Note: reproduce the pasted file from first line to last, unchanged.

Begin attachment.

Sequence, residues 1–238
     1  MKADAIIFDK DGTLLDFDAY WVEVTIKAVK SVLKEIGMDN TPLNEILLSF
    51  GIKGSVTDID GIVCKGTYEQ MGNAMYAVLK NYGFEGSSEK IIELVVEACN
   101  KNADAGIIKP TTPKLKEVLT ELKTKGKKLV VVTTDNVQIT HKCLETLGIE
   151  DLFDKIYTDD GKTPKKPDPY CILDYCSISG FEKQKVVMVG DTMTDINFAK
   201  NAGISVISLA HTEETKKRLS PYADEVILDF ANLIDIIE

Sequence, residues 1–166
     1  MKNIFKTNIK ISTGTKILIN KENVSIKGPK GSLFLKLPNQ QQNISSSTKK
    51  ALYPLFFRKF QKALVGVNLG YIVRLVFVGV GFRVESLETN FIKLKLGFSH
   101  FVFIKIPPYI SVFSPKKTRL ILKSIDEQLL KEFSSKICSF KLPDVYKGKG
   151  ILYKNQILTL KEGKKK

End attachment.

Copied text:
Sequence, residues 1–238
     1  MKADAIIFDK DGTLLDFDAY WVEVTIKAVK SVLKEIGMDN TPLNEILLSF
    51  GIKGSVTDID GIVCKGTYEQ MGNAMYAVLK NYGFEGSSEK IIELVVEACN
   101  KNADAGIIKP TTPKLKEVLT ELKTKGKKLV VVTTDNVQIT HKCLETLGIE
   151  DLFDKIYTDD GKTPKKPDPY CILDYCSISG FEKQKVVMVG DTMTDINFAK
   201  NAGISVISLA HTEETKKRLS PYADEVILDF ANLIDIIE

Sequence, residues 1–166
     1  MKNIFKTNIK ISTGTKILIN KENVSIKGPK GSLFLKLPNQ QQNISSSTKK
    51  ALYPLFFRKF QKALVGVNLG YIVRLVFVGV GFRVESLETN FIKLKLGFSH
   101  FVFIKIPPYI SVFSPKKTRL ILKSIDEQLL KEFSSKICSF KLPDVYKGKG
   151  ILYKNQILTL KEGKKK